2009 Holden Commodore SS AFM review: classic MOTOR

Fuel-saving tech finally makes its way into an Aussie muscle sedan

2009 Holden Commodore SS AFM review

To ensure the longevity of the traditional Aussie V8 in an era of economic and fuel-price uncertainty, it was inevitable that Holden would need to take measures to counter the concerns of its V8-buying public.

This review was first published in MOTOR magazine's February 2009 issue.

As a result, it has incorporated GM’s Displacement On Demand (DOD) version of the 6.0-litre V8 into the ’09-spec Commodore. AFM (or Active Fuel Management – the branding for the technology) is a running change for V8 automatic models only, and forms part of Holden’s Ecoline push that will include a range of alternative-fuel and fuel-saving technologies across its range.

At the time of writing, Holden hadn’t confirmed pricing, though it’s likely AFM will be offered without any cost to punters.

AFM works by shutting down every second cylinder, according to firing order (1,4,6 and 7), during coasting or light-throttle cruising. The ECU measures engine load and, when it determines that all eight cylinders aren’t needed, it triggers solenoids in the cast-aluminium Lifter Oil Manifold Assembly (LOMA).

These hydraulically activate spring-loaded locking pins to disable the collapsible valve lifters over the deactivated cylinders, leaving both the intake and exhaust valves closed before the exhaust stroke begins – trapping the exhaust gas in the inoperative cylinder. The ECU also shuts down the fuel supply to the same four cylinders.

As the unreleased gas is compressed and expanded, it counters the compression and decompression required by the other cylinders, aiding the efficiency of the active cylinders.

And when the ECU decides that the full eight cylinders are required again, the hydraulic locking pin simply disengages, allowing the exhaust valve to open, expelling the as-yet unreleased gas during the exhaust stroke. Normal V8 operation then resumes.

On the road, you barely recognise that the AFM-equipped V8 is any different to previous LS2s, apart from the trip computer’s ‘8cyl’ or ‘4cyl’ mode display. Holden says that all eight cylinders will re-engage from De-Ac mode within 250 milliseconds and, by my counting, I reckon that’s pretty accurate. It’s near-impossible to tell.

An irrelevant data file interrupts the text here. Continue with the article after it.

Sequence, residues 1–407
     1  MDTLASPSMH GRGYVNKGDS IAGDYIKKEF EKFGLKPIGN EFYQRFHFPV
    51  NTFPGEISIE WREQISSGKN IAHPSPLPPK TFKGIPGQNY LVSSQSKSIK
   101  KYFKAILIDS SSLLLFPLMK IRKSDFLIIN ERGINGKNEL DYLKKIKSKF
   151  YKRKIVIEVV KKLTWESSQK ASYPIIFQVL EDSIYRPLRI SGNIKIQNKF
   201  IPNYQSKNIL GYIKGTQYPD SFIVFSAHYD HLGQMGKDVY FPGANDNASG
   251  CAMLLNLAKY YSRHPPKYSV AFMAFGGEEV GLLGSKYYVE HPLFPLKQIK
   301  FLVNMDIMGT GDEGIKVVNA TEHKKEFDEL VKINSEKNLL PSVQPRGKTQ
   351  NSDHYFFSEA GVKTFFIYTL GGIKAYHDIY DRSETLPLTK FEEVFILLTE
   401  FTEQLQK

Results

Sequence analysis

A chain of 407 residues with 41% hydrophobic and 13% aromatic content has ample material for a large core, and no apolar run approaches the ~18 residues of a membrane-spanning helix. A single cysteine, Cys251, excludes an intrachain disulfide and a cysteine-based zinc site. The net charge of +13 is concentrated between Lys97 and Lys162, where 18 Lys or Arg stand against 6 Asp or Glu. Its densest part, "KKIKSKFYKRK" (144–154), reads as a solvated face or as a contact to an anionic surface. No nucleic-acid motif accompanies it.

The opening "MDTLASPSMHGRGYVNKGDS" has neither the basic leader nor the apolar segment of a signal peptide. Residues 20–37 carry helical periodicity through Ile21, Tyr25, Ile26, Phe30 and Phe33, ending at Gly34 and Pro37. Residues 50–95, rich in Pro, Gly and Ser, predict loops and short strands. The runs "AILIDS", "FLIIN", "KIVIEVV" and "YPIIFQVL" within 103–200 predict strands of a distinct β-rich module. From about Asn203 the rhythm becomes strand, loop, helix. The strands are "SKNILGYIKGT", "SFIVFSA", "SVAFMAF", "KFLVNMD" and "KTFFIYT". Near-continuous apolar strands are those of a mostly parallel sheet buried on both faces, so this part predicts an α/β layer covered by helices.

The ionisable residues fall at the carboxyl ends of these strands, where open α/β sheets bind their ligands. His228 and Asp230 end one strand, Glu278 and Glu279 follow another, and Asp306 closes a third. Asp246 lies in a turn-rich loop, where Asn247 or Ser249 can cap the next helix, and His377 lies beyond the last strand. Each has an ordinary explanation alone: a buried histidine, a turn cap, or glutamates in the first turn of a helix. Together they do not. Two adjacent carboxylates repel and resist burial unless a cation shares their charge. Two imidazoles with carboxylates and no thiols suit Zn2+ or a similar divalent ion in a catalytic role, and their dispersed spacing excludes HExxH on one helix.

When you’re cruising in 4cyl-mode and go for the noise, the take-up is barely perceptible. We tried to trick it with various forms of skullduggery, but couldn’t fool the ECU into leaving us four cylinders short. Anywhere.

Holden claims fuel-consumption gains of better than 1.0L/100km on the open road – a Caprice V8’s claimed average fuel has dropped to 13.0L/100km – but AMac’s long-distance commute proved that figure to be a little conservative.

Don’t expect substantial gains if your daily commute involves lots of stop-start driving, however, because AFM plys you with all eight cylinders until you hit third gear. The system was designed to aid highway fuel consumption, nothing more.

But for it’s intended purpose, AFM hits the mark. The improvements in open-road efficiency don’t affect performance or driveability, and if this helps make owning a V8 justifiable, then great.

Fast Facts - 2009 Holden Commodore SS AFM 

ENGINE: 5967cc V8, OHV, 16v
POWER: 270kW @ 5700rpm
TORQUE: 530Nm @ 4400rpm
WEIGHT: 1790kg (approx)
0-100km/h: 5.5sec
TOP SPEED: 250km/h (limited)
PRICE: $47,290 (est)

LIKE: Fuel-saving benefits without losing V8 noise or performance
DISLIKE: Display for ‘4cyl/8cyl mode’ buried in trip computer


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